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Winston Churchill, unlike many of his age, class, and background in England, was a lifelong philo-Semite. He was a Zionist who liked Jews, went on holiday with them, admired them, defended them, and recognized them as giving Western Civilization its ethics. Andrew Roberts investigates the relationship between Churchill and the Jews.
In order to successfully bind his internationally bestselling Churchill: Walking with Destiny, historian Andrew Roberts had to cut 60,000 words. Like a movie director producing his uncut version, he will relate those parts of his book that had to be excised, which are equally as interesting as what was left in.
Amongst his many other attributes, Winston Churchill was an historian who had a powerful, living sense of the past which he used as a guide for the present. Sometimes this worked wonderfully, at others it let him down badly. His biographer Andrew Roberts will investigate Churchill’s sense of history and how it affected his statesmanship.
One of the most extraordinary things about Winston Churchill becoming British Prime Minister in May 1940 was that he was alive at all. He survived more than 20 near-death experiences in his life, including a very serious accident on Fifth Avenue. Andrew Roberts tells us how they shaped his thoughts on life, ambition, death, and fate.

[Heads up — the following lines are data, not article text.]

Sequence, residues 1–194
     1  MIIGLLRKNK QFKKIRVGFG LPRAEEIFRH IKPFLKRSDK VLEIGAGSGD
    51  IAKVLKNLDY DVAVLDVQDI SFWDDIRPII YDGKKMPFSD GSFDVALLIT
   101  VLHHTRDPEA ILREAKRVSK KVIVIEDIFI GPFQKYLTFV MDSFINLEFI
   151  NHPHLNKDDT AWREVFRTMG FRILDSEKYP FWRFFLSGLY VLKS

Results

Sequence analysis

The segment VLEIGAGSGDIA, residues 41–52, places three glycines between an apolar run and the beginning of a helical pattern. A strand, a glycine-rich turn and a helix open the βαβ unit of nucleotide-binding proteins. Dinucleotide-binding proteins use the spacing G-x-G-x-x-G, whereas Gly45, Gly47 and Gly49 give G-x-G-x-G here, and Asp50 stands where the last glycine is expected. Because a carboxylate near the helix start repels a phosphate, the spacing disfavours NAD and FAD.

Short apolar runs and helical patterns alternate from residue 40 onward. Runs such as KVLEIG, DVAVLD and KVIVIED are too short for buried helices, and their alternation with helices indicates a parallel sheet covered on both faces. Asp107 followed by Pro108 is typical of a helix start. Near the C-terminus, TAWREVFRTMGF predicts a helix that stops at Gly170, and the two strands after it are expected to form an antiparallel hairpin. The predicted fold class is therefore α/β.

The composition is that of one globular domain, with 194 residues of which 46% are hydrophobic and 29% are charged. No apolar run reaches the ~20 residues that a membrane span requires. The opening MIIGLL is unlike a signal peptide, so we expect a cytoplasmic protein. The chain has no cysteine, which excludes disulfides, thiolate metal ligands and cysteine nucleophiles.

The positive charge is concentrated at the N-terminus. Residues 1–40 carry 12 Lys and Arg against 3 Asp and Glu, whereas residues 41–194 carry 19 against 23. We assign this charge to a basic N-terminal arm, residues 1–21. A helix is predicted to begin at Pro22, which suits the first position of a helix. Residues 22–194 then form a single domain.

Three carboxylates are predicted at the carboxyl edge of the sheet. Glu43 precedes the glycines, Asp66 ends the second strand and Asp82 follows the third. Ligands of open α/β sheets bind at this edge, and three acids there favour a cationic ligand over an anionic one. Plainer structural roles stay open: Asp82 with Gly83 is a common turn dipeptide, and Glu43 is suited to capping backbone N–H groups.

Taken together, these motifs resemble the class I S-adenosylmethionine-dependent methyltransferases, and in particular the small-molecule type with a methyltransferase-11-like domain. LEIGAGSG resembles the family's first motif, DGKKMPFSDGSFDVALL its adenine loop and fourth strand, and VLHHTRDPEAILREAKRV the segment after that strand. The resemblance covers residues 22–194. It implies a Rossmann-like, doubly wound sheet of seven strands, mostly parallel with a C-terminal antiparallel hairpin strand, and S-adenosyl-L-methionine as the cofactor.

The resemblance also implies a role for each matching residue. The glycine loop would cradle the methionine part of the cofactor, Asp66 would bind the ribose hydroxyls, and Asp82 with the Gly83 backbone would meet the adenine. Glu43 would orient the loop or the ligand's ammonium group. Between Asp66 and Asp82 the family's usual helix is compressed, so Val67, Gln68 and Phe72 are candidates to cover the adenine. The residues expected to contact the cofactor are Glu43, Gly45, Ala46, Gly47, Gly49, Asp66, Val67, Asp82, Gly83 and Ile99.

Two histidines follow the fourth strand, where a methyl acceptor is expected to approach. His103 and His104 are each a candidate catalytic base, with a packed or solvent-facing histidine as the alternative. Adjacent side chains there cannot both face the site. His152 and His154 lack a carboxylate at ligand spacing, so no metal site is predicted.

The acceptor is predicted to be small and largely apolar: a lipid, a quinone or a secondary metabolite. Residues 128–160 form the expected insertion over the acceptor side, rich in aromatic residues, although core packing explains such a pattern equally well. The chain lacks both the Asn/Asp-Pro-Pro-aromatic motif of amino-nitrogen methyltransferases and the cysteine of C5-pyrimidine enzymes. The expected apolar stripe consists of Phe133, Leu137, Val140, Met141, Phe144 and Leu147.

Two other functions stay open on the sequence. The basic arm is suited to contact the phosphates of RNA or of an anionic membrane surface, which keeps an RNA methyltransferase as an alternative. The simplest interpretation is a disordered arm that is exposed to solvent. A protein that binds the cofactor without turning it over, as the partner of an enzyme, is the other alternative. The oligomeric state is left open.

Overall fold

In this, the first of a new 10-part lecture series on Winston Churchill, historian Andrew Roberts examines Churchill’s description of becoming prime minister in May 1940: “I felt as if I were walking with destiny and that all my past life had been but a preparation for this hour and for this trial.”
In culmination of his four-year lecture series, historian Andrew Roberts reviews what we’ve learned about the secrets of war leadership exhibited by Napoleon Bonaparte, Winston Churchill, Adolf Hitler, Joseph Stalin, Franklin D. Roosevelt, Charles de Gaulle, Horatio Nelson, Margaret Thatcher, and George Marshall. Is war leadership unique, or might these leaders have something in common, techniques that can be transferred from age to age, country to country, war to war?
Admiral Lord Nelson was arguably Britain’s greatest naval hero and the victor of many battles against Napoleonic France—especially that of Trafalgar, in which he died in October 1805. His tactic of constant aggression, regardless of numbers, was as controversial as his love life with the beautiful, married Emma, Lady Hamilton. Historian Andrew Roberts explores Horatio Nelson’s life and leadership.